“…the world in which we live is very nearly incomprehensible to most of us.”

This transition towards the obscene can be illustrated through the invention of the microscope. Where once our understandings of boundaries were mitigated by the boundaries of what is visible to the naked eye, the microscope allowed us to peer into the worlds inside worlds, leaving us wondering if we are all not gods of some kind. This advancement in technology marks a significant physical separation that we have undergone by adding an infinite set of invisible layers between our understanding of ourselves. When we made the move away from the singular power structure of the church and an isolated cultural worldview, through advancements such as the microscope or the printing press, we lost a unified moral framework from which we could determine consensus around what was good and evil. “In a world without spiritual or intellectual order, nothing is unbelievable; nothing is predictable, and therefore, nothing comes as a particular surprise” (Postman).

Amplification of Technology – At What Cost?

An element of this dissolving singularity, Postman would argue, is the progression towards infinite expansion rather than for cohesion. Technological proliferation may produce a more efficient culture, but likely not a happier culture as individuals become increasingly socially isolated. Boyd confesses having a hunch that the “…stream of social information gives people a fake sense of intimacy.” Furthermore, Evans states that the proliferation and dependence on technology “further de-contextualizes human experience by emphasizing information over understanding”. This power allows us the freedom, but at the risk of losing the strength of physical interpersonal relationships, memory, and nuanced social cues. Postman points out that technological advancement is “always a Faustian bargain: Technolgy giveth and technology taketh away, and not always in equal measure”. As designers and entrepreneurs, we must take on a more dynamic and dialectic response to negotiating the technological boundaries that are in constant flux.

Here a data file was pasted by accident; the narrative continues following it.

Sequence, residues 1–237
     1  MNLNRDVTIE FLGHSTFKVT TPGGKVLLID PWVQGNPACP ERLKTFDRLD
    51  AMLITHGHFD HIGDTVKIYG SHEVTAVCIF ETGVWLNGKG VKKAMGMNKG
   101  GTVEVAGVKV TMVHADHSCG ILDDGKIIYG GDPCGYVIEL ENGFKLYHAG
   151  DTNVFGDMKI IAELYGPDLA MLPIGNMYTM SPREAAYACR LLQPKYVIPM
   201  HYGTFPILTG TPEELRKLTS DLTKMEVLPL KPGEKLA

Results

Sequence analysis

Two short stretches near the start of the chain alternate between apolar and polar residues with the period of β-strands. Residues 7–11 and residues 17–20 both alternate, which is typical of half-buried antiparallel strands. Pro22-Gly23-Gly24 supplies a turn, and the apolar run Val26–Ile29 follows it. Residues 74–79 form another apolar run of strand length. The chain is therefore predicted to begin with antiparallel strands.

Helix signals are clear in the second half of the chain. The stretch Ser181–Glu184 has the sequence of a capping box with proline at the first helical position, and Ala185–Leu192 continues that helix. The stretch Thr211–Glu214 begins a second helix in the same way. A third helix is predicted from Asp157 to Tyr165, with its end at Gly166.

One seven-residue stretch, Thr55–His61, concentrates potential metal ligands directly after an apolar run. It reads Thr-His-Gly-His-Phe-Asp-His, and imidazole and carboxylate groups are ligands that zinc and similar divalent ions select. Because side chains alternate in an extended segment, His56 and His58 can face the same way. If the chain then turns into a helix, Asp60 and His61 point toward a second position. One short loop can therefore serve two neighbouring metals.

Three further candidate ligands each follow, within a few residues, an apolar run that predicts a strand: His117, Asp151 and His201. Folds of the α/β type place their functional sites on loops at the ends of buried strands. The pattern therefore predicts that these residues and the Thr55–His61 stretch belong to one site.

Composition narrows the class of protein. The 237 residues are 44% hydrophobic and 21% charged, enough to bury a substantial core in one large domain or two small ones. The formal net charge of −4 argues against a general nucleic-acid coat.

Democracy Must be Dynamic and Dialectic.

Democracy must take on a dynamic and dialectic mode of representation if it hopes to maintain the perception of legitimacy in the eyes of the people. The Supreme Court is mandated to interpret the Constitution relevant to modern context. If the people are to believe that their elected officials have their vested interests in mind, they must have trust that there is a certain public armature that is willing to support their interests. More importantly, the perception must be that this power is flowing primarily in one direction; from the people towards the representatives. However, our perception of this flow of power is increasingly in constant upheaval, teetering on the edge of legitimacy, and therefore very often constituting the ‘obscene’. For privacy to function in this a democracy the representative, or armature of the people must be dynamic in understanding a multiplicity of ways in which people now interact socially and technologically. Dourish suggests that “privacy regulation is a dynamic, dialectic, negotiated affair. Technology itself does not directly support or interfere with personal privacy; rather it destabilizes the delicate and complex web of regulatory practices.” What results should be a balancing act, not a set of rules that are to be applied across the board. We must engage in the dynamic process according to our modern context; “when there is a definitive; there’s always an exception to the definitive that makes sense” (Dourish)